MI: I think one of the challenges is access to information. Yes, we’re living in a digital era and everyone feels like information is just in the palm of their hands. But I can think that if you’re a young person who’s not living in a capital city, let’s say, who doesn’t have access to a smartphone or the Internet, how are you going to know about the kind of skills that you need or any programs that are available to you? So I think empowering youth with access to information is important. I think that’s a real challenge, especially the more rural you go. I think the other challenge is funding. You know, access to resources to be able to do the things you need to do to grow in your career or to even start. So sometimes in other countries, we see things like grants being given for young people to travel and participate in activities, in conferences, for example, in Energy Net. And that really opens up people’s perspective. But that financial challenge even to make that journey can be a problem. Here we are also trying to solve some of these problems with some of our initiatives. In terms of youths growing in their career, I think another challenge is flexibility. We’ve kind of a little bit told young people that, you know, you go to school to be an engineer, when you leave work, you look for an engineering job. But that’s not the reality of how the world works nowadays. Things are very interdisciplinary. So we need to also empower youths to feel like they have options. You don’t have to stick to a specific career path. A lot of your skills are transferable. It’s just that maybe someone needs to show you how they’re transferable to the energy sector. So I think that’s something we also need to unpack and kind of support you to realize that there’s more out there than the thing you went to school for.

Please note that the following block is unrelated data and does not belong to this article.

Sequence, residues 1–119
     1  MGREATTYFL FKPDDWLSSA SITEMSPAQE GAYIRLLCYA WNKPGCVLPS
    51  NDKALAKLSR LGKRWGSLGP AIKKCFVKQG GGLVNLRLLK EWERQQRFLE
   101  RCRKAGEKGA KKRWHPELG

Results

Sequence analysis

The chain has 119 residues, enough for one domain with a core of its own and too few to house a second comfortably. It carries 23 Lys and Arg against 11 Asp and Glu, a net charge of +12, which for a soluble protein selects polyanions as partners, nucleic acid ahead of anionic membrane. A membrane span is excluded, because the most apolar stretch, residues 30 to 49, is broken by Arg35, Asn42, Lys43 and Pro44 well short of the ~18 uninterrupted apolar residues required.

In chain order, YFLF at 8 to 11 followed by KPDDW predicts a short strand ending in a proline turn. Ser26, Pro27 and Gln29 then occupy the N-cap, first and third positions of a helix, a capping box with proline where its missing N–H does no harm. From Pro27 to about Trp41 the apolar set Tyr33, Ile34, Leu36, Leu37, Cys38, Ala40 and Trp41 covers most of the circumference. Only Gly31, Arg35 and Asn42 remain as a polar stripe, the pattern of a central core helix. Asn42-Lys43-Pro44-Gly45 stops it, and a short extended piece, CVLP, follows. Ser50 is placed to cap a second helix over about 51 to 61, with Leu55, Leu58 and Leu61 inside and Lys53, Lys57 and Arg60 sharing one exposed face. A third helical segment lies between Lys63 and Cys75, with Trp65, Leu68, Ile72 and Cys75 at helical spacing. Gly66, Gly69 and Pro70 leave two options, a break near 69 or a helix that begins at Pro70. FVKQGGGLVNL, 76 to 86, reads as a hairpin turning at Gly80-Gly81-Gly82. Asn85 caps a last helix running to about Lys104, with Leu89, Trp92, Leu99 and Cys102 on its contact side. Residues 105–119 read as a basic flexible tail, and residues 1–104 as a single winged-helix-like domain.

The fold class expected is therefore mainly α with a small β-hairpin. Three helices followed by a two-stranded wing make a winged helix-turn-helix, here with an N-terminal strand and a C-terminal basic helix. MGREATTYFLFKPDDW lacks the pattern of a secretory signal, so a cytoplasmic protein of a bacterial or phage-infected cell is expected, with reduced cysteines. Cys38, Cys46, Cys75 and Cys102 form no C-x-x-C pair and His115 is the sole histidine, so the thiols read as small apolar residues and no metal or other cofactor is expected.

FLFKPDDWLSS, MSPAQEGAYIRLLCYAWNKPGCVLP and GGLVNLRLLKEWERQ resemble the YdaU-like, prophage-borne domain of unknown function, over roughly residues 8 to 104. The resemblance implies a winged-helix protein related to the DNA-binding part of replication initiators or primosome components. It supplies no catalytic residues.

OW: Sure! This one actually takes me to what you’ve just mentioned in terms of gaining skills and being competent. Here I’m talking about skills for tomorrow. What are these essential skills and competencies needed for the future in the energy industry in Africa with regard to the youth?